“It was no summer off,” LaRusso said. “I tried to spend as much time as I could to really research and to look into it, so that we could have smooth sailing for this upcoming year.”

Even now, with the virtual school year at Janis E. Dismus Middle School in Englewood in full swing, LaRusso thinks three steps ahead. What if he has to switch his curriculum on the fly again, as he did last year? Teaching in 2020, he said, is like nothing he ever experienced in his seven-year career —– and he’s not alone.

Not all fun and games

Virtual learning does come with downsides for physical education.

Jennifer Olawski, a Wayne native who teaches kindergarten through eighth grade in New Brunswick, said one of her main concerns is keeping up with students’ mental health. Physical education, she stressed, is a great way for students to balance their hectic virtual learning schedules. It also allows them a much-needed break from their screen.

Her district plans to resume in-person classes at the end of January, but for now they are all virtual. To adjust, she and other physical education teachers have been filming their lessons in their school gym. Then they show those videos to the students, while talking through them during the online class.

“It’s definitely a totally different world. The good thing about filming at the school is it gives them a sense of familiarity,” Olawski said. “They are able to see the kids and all the phys ed teachers. I think that helps them a little bit. Because some of them are struggling — we have to be honest about that."

Even though she feels students have remained resilient through the ups and downs with virtual learning, she recently had a virtual health lesson with her seventh graders that took an unexpected turn. She began the class and quickly realized her students were stressed. Instead of proceeding with her planned lesson, she refocused and asked her students to tell her how they were feeling. She also gave them advice on how to better manage their time and stress.

“It’s most important right now that we prioritize our students’ mental health. That to me is number one,” Olawski said. “I’m really glad that they feel comfortable to open up to me, to talk to me about these things, and I’m just taking the time to hear them.”

Physical education teachers may also be facing cuts and setbacks because of limits from virtual learning, said Dawn “Frankie” Francavilla, the current association president. That may mean limiting PE classes, or asking these teachers to help their colleagues who are teaching hybrid classes.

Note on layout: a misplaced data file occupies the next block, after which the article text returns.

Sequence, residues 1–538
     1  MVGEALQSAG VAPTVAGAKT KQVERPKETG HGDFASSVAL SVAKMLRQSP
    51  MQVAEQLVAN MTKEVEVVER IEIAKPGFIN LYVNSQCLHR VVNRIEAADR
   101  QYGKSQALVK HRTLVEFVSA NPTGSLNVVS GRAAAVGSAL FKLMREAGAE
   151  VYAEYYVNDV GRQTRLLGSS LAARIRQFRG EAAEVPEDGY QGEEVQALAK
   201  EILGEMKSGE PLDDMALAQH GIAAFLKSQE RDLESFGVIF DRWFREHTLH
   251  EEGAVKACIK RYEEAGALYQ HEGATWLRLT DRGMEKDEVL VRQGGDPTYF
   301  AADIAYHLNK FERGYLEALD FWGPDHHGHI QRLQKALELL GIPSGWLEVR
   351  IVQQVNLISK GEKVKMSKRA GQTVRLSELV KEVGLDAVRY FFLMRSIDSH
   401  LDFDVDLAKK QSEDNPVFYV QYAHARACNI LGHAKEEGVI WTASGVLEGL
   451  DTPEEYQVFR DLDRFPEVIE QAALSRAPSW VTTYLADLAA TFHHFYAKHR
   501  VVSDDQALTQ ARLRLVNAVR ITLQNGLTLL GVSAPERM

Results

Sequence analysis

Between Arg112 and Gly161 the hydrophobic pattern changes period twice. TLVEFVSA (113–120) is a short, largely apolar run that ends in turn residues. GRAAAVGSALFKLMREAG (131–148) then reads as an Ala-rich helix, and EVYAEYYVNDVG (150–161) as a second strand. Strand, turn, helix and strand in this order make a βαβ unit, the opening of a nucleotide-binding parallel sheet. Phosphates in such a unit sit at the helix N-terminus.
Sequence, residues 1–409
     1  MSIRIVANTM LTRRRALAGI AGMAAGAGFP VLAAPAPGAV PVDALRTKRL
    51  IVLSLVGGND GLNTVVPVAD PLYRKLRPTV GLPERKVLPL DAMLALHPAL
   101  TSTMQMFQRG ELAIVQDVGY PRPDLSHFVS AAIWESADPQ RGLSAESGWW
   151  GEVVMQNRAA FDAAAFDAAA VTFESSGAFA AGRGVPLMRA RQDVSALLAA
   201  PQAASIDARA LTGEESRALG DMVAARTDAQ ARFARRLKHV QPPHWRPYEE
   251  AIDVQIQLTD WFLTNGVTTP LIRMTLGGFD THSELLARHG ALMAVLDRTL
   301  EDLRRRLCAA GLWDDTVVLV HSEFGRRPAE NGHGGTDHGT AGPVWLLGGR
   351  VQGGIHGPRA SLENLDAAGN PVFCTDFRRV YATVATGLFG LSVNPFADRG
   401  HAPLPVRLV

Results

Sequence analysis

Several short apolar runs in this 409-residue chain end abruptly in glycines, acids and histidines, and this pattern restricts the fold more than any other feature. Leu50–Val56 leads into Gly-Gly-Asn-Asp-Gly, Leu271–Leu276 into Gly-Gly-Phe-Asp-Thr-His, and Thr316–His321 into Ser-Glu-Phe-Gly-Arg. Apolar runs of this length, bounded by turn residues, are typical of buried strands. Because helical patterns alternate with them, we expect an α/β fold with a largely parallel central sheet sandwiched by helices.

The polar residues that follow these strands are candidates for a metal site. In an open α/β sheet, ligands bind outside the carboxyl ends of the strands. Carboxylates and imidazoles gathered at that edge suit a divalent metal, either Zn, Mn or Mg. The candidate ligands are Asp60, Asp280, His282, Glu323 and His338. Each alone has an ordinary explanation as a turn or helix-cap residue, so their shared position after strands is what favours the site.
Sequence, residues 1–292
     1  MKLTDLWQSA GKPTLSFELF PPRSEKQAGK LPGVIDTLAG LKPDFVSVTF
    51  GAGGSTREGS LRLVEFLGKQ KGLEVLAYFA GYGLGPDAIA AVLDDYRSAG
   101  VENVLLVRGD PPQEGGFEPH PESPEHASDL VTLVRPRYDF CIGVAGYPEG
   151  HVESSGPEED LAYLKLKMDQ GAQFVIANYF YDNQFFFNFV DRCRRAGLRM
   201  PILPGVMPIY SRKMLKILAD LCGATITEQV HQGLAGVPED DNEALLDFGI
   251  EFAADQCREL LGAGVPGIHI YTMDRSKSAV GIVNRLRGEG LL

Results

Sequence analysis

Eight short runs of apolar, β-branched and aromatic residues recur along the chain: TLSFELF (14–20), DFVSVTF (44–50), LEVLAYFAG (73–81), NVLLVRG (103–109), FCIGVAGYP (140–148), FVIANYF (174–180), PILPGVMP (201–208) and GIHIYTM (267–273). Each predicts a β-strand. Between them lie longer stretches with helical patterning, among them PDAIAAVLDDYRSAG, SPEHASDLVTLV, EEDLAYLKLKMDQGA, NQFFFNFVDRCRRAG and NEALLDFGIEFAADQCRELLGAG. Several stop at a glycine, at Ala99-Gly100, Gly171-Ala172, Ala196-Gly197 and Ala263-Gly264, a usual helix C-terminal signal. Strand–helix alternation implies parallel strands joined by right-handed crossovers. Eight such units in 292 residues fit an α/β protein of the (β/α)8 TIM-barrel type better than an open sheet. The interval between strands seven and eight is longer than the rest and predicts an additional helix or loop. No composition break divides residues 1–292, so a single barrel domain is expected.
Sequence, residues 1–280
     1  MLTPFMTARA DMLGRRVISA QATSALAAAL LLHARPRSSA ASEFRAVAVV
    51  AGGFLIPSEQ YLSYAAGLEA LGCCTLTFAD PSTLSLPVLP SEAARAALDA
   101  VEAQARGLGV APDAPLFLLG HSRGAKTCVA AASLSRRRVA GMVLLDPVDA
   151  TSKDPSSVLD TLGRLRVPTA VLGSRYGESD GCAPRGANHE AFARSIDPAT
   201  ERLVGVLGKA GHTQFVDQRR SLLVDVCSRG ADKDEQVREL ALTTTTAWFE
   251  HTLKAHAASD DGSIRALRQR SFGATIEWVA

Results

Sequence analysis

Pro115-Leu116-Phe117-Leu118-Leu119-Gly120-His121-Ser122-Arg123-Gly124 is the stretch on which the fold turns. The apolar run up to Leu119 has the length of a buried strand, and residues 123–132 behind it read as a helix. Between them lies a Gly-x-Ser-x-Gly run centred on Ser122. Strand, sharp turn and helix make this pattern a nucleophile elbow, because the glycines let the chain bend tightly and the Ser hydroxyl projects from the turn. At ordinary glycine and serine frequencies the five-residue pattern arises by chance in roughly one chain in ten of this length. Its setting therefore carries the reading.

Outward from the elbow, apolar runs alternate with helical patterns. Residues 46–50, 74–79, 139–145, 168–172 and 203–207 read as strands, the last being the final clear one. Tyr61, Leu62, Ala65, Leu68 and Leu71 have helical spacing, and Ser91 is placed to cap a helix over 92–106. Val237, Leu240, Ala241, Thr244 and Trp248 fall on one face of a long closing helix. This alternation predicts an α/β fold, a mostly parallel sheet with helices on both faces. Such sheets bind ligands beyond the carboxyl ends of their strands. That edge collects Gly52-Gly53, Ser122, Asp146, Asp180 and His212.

“I would say any school right now that is doing remote and hybrid, their programs have been cut significantly because of scheduling issues,” Francavilla said. “In my head, it’s got to be temporary, because no one wants to have PE once a week, especially when 150 minutes is mandated by the state of New Jersey. When you’re cutting that out and these kids aren’t getting enough — there’s a lot of stress management they’re not getting now because of the COVID. They’re losing that balance.”

Across the spectrum, educators face a slew of issues brought on by the ongoing pandemic, said Marie Blistan, president of the New Jersey Education Association.

“The policies that need to be put into place regarding how we do operate in this virtual world in some districts are still being worked out,” Blistan said. “So that has added, I think, more stress to our educators who are on the front lines. We don’t have a playbook for this — not in this state, not in this country.”

Across the state, the format of teaching runs the gamut, she explained. There is a mix of in-person, hybrid and all-virtual classes that vary district by district and largely depend on the safety measures that a district is able to uphold. Some districts weren’t able to adjust to state guidelines in time to allow for in-person learning, Blistan said. There have also been delays getting PPE for educators or school employees.

Even for educators who have resumed face-to-face interaction, they could face a return to virtual learning overnight. That’s why it’s important for teachers to realize they’re not alone, said LaRusso, the Englewood middle school teacher.

“It is stressful. It is overwhelming. Take a deep breath. We’re all in this together,” LaRusso said. “That’s the one awesome thing with phys ed is we all want to help each other. We all want to see each other succeed.”